Thorp Doubles Down Again
Heading for Driggers; Heeling for Snow

Those of you who got a charge out of watching National Finals Rodeo heeler Wesley Thorp switch ends at RFD-TV’s The American last spring are in for a repeat treat. Thorp—who will heel for Cody Snow at his third-straight NFR in December—plans to switch ends again at next month’s World Champions Rodeo Alliance Semi-Finals.

Yes, when the $500,000 WCRA Semis rolls into the Lazy E Arena in Guthrie, Oklahoma, for the run of the November 15-18 rodeo, Thorp has high hopes to be heading and heeling. He’ll be pulling pipes for his main-man Snow, and heading for seven-time NFR header Kaleb Driggers, who’s on everybody’s must-watch list these days with heeling phenom Junior Nogueira.

Cody Snow and Wesley Thorp split the win in Waco last night. James Phifer Photo

“The plan is to head for Driggers at the Semis, if we can both get in,” said Thorp, who’ll turn 23 during next month’s Semis on November 16. “I got some heading points a few days ago at a roping Zane (Big Country) Bruce put on in Texas, and Driggers has been nominating some events, too.”

Wesley’s referring to the WCRA’s Virtual Rodeo Qualifier (VRQ) system, in which contestants can nominate events (nominate now at; the cutoff for the Semis is October 29), and the top 150 in each event qualify to compete at the WCRA Semi-Finals. The top finishers at next month’s Semi-Finals will move on to the first of four 2019 WCRA “majors” in January.

“I’m wanting to head also, because you can only qualify once at each end,” Thorp explained. “Driggers heels really good, too, so I called and asked him if he’d consider it. He said yes. We just made a plan a couple weeks ago to try and get qualified, so it’s time to get after it.”

Being handy enough to switch ends basically allows a guy to double dip at the big dough.

“Anytime you have the chance to be entered twice, you have to try it,” said Thorp, who pulled off a first earlier this year when he qualified for The American both heading for Seth Smithson, with which he won the American Semifinals in Fort Worth, and heeling for Snow. “I’m trying to get my name down as many times as I can, because that’s twice as many chances to win. I’ve been working on my heading—mainly for the WCRA, and then I’ll probably try to qualify for The American twice again, too. All it is is additional opportunity, so why not try it?

“It was very cool to be able to head and heel for that much money against the best at The American. It was fun to switch it up a little bit, and have more than one chance in the hat.”

Thorp, who hopes to head and heel at the WCRA Semi-Finals, hammers on one in Waco last night. James Phifer Photo

As fate would have it, Snow and Thorp split Round 1 in Bracket III last night at the All American ProRodeo Finals in Waco with—you guessed it—Driggers and Nogueira. Both teams—comprised of four great cowboys and friends—were 5.2.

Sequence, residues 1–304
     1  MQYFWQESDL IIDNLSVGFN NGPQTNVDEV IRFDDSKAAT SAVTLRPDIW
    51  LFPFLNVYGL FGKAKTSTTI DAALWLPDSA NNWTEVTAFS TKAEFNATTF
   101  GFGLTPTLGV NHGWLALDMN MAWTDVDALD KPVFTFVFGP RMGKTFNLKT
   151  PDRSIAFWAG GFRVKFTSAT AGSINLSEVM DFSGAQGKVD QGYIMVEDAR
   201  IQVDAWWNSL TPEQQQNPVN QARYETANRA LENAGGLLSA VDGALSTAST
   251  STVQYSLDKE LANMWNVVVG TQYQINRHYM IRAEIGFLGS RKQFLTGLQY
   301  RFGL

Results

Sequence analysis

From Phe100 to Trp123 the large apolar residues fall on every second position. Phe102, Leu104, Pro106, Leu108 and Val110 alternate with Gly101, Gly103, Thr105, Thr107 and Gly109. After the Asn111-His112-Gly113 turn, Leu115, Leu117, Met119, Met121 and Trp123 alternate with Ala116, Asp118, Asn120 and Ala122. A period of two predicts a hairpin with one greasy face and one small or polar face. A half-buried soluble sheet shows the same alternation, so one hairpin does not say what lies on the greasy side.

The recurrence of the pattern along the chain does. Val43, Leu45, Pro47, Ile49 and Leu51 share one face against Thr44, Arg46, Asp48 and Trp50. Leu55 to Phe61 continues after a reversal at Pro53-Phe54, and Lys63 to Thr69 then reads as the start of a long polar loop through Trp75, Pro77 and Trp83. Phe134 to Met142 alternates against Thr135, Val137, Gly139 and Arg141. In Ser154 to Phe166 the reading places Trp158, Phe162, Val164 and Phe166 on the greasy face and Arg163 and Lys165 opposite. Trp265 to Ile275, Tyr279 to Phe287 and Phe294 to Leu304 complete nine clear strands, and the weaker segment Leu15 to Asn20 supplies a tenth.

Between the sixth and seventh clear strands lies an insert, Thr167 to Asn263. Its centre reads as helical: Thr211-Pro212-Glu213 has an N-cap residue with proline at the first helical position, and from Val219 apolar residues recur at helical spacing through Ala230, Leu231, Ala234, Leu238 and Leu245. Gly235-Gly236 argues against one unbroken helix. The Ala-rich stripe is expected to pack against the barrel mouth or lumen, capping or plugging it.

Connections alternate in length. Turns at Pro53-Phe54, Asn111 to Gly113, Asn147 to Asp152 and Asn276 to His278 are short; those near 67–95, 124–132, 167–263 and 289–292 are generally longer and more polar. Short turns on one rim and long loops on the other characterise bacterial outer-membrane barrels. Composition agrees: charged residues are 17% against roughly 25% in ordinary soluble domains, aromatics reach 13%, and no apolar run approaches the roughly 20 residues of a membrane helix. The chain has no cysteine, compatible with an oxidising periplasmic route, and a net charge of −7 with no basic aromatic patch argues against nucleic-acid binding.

Before any of you go assuming that Thorp and Driggers will be some sort of wild-card underdogs at the Lazy E, you should know that Driggers’ heeling number is a 10. That’s the same as Thorp and every other NFR heeler and world champ, and is as good as it gets. The heading gold standard is a #9, and Driggers is that, too. Wesley’s a #8 header, so laughingly refers to himself as the weakest link.

“I have a terrible heading number,” Thorp smiled. “I’m not good enough to say I’m an NFR guy, but my number’s too high to just go have fun heading.”

Yes, team roping “no man’s land.” But he’s proven on a big stage that he can compete with the best in both boxes.

Kaleb Driggers and Junior Nogueira shared center stage with Snow and Thorp in Waco last night. James Phifer Photo

“I’ve always liked heading, too,” he said. “It’s pretty cool to get to do both, and to rope with two aggressive guys at both ends. Roping with Cody and Kaleb is as good as it gets, and I like roping with winners.”

Thorp says he appreciates a lot of the basic principles behind the WCRA.

“I think it’s a super cool opportunity,” he said. “They’re definitely not trying to clash with any other organizations. They’re working with everyone to try and bring everybody together, and grow the sport. I like that everybody has an equal chance to qualify for the Semi-Finals, which gives more people the chance at a great rodeo, even if they don’t compete full time. I like that it doesn’t cost very much to nominate events, so it’s not very costly to qualify for the Semis. I’ve told a lot of friends about it. Now they’re nominating events, too.”

As for his third straight NFR, “I set a goal when I was younger that I wanted to make the NFR my first year out of college,” Thorp said. “That I was able to make it all through college is pretty cool.”

Junior won the 2016 world all-around championship, and is looking to add a heeling gold buckle to his trophy case. James Phifer Photo

Thorp won National Intercollegiate Rodeo Association team roping titles rodeoing for Ranger College in Stephenville, and is now finishing up his college degree in University Studies online at Texas Tech. He’s only taking a few hours each semester since he’s rodeoing, but is slowly and surely advancing toward his academic finish line.

He’s still not sure what he’ll be riding in Vegas come December, but “I want my horse to be free through the corner, and I want to stay really consistent and heel them all when they’re ready to be heeled. I want to ride good position, and set myself up for good shots. If I can get that done, I’ll be happy.”

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